Saturday, January 23, 2021

Nickolas Perry | Must Be the Music

the date

by Douglas Messerli

Nickolas Perry (screenwriter and director) Must Be the Music / 1996

Nickolas Perry’s 1996 work Must Be the Music begins in a car in the Los Angeles San Fernando Valley with four teenage boys—Eric (Michael Saucedo), Kevin (Justin Urich), Dave (Travis Sher), and, driving and narrating the events, Milo (Milo Ventimiglia, in is his very first role) heading to downtown LA to a gay dance club, Orbit. It is a typical Friday night at 11:00 when young high school or recent teenage graduates head out to find love, suggesting that this not very profound little movie might even be described as representing the “searching for love” or “first date” gay genre. Except nothing quite turns out to be entirely typical in this 15 minute short.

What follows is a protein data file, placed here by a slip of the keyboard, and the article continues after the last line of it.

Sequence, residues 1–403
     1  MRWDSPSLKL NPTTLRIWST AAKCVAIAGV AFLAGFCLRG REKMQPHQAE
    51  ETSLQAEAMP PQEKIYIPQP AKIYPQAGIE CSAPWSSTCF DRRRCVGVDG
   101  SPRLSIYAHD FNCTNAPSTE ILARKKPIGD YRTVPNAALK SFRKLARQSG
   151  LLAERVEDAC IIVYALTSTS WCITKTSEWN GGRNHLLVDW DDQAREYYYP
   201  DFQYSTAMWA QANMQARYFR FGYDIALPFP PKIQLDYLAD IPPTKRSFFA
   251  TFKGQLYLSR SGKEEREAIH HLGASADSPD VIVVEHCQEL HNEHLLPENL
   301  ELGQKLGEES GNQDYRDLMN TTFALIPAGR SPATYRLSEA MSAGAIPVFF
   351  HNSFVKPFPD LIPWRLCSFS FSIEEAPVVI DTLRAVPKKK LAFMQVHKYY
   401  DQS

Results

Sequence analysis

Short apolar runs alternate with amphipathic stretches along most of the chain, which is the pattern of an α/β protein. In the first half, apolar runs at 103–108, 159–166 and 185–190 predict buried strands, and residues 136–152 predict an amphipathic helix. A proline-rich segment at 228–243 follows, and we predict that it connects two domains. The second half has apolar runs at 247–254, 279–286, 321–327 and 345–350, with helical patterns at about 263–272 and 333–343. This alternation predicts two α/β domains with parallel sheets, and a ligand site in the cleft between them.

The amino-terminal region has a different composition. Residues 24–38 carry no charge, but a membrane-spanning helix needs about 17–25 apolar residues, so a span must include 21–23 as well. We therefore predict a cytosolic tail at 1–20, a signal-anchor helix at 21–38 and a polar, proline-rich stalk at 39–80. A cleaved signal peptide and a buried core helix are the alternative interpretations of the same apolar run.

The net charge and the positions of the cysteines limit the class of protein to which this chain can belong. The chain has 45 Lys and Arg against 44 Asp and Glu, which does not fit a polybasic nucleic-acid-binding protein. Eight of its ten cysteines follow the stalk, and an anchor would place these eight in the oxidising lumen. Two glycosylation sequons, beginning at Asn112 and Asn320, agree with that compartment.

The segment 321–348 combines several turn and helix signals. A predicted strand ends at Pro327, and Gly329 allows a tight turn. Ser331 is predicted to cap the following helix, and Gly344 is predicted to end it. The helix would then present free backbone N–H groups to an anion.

First of all, one of the boys, Dave, Milo’s cousin who lives in the Valley in Northridge, is straight. His only claim to fame, so the voice-over tells us, is that he was beating off during the 1994 Northridge earthquake and he claims that he was the best orgasm he’s ever had. Alas, this is also the funniest line of this Sundance Festival premier. 

     Eric is a little “immature,” but cute so Milo tells us. The final member of this quartet, Kevin, is quite apparently obnoxious in his behavior, so the voice-over tells us, to irritate his parents. After all, like the narrator he went to Fairfax High, which seems to explain everything.

     Orbit is a large sprawling complex of open rooms with ear-splitting music and, as in most such youth oases, hundreds of skinny, sweating bodies, mostly male but also female, heaving themselves against each other in the hopes to draw enough attention from someone with whom they might share the night.

      Each go their separate ways almost immediately after entering, Dave to find a corner—not very successfully—where he might wait out the time for the others to return him home. Why he has joined them is never quite explained.